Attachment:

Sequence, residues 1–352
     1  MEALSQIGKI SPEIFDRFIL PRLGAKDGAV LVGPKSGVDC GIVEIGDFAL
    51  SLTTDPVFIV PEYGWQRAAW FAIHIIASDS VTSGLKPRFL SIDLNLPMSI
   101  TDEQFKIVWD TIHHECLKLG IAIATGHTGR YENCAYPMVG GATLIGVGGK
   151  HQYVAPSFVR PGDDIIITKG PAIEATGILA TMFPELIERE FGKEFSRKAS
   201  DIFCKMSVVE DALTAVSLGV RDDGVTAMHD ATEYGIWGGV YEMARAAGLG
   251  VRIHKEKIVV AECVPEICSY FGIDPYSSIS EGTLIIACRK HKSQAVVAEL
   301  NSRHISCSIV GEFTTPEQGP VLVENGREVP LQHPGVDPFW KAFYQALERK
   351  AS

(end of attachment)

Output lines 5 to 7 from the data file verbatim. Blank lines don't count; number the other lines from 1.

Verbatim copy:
   151  HQYVAPSFVR PGDDIIITKG PAIEATGILA TMFPELIERE FGKEFSRKAS
   201  DIFCKMSVVE DALTAVSLGV RDDGVTAMHD ATEYGIWGGV YEMARAAGLG
   251  VRIHKEKIVV AECVPEICSY FGIDPYSSIS EGTLIIACRK HKSQAVVAEL